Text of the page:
During the 1960s, another UFO investigation was started under the direction of Edward U. Condon, a distinguished nuclear physicist who had worked briefly on the Manhattan Project. Like the Robertson Panel, the Condon Committee was staffed by scientists who concluded that a vast majority of UFO sightings could be readily explained. Soon after the Condon Committee announced its conclusions, Air Force Secretary Seamans ordered an end to Project Blue Book.

Mass Hysteria

Ultimately, Project Blue Book concluded that UFO sightings were the product of "a mild form of mass hysteria, individuals who fabricate such reports to perpetrate a hoax or seek publicity, psychopathological persons, and misidentification of various conventional objects". According to the U.S. Air Force, of the 12,618 sightings that were reported to Project Blue Book, some 701 remain "unidentified".








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Re: December 17, 1969 - Closing Project Blue Book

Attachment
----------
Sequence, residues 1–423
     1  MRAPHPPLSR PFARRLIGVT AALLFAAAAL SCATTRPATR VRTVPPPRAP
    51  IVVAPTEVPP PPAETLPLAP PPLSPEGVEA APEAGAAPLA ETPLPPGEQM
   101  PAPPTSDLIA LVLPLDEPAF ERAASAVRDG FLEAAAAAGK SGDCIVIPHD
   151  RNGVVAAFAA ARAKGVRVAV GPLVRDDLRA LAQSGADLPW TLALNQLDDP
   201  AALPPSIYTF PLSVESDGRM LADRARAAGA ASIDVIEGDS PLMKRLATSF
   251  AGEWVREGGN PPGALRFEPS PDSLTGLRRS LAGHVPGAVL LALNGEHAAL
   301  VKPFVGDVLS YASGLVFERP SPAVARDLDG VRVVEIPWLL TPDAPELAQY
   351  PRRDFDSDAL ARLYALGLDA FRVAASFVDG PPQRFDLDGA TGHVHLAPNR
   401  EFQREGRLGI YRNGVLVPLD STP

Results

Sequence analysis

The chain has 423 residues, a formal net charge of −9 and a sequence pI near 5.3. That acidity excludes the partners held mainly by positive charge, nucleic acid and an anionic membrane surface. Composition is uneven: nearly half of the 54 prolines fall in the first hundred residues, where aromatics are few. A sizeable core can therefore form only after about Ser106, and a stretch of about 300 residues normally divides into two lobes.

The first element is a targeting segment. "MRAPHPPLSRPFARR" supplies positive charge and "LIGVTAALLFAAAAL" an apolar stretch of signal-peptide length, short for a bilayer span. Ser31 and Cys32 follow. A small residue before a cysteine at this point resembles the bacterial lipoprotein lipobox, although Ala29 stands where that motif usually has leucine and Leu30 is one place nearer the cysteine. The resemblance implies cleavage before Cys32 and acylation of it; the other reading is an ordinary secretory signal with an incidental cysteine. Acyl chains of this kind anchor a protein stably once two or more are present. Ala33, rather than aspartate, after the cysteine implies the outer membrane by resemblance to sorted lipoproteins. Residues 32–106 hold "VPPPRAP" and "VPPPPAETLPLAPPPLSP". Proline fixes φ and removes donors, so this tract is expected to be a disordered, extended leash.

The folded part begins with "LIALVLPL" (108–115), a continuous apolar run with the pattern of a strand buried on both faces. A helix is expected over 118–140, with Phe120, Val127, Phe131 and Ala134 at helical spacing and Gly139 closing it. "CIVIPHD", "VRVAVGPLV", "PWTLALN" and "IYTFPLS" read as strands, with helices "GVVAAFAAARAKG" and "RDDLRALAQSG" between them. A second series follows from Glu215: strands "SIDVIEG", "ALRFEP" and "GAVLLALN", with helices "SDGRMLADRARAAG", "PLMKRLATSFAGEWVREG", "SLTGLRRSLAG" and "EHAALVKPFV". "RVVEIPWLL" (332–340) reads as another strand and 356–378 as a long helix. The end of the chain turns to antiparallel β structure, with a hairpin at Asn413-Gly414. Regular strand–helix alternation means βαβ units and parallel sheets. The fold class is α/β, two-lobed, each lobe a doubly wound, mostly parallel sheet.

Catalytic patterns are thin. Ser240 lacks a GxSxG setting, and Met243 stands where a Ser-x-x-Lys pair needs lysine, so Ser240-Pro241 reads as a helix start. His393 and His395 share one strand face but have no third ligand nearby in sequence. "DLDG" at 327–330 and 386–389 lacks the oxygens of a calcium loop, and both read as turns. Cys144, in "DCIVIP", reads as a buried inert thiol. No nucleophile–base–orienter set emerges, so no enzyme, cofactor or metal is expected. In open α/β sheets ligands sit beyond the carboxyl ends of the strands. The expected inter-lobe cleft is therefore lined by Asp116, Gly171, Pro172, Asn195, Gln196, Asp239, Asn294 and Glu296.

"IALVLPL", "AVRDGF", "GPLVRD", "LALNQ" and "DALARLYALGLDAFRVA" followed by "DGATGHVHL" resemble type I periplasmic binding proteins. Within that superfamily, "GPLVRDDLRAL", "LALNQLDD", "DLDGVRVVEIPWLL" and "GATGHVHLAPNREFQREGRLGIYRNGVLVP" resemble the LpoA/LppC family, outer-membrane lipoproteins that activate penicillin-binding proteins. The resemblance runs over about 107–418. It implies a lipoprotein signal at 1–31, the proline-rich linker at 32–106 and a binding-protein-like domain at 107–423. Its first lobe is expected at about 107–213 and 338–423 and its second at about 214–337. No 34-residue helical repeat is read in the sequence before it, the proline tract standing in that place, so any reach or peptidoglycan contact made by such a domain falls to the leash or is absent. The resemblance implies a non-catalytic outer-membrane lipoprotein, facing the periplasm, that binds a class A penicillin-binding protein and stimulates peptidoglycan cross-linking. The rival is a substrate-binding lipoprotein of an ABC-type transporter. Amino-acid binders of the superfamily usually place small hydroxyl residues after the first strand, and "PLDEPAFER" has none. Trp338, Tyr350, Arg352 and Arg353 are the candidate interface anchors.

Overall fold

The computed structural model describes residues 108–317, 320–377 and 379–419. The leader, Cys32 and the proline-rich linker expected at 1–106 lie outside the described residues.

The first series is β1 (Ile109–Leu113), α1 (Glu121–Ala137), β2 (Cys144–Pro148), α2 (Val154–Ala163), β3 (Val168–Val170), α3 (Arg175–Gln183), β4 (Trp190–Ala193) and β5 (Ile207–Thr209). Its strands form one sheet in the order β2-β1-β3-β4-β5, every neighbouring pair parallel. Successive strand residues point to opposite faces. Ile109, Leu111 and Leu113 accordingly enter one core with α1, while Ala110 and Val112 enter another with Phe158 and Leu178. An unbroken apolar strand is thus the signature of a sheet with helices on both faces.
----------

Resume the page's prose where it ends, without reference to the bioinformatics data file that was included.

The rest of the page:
12/17/2009 6:54 PM

Difficult to trust the Air Force's closing of Blue Book. Creditability has suffered over the years in the Air Force's position on this matter.

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Re: December 17, 1969 - Closing Project Blue Book

12/19/2009 8:12 PM

Loss of credibility with whom?

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Re: December 17, 1969 - Closing Project Blue Book

12/20/2009 5:28 AM

They have failed to report on expermental remote controlled spy aircraft power by nuke materials.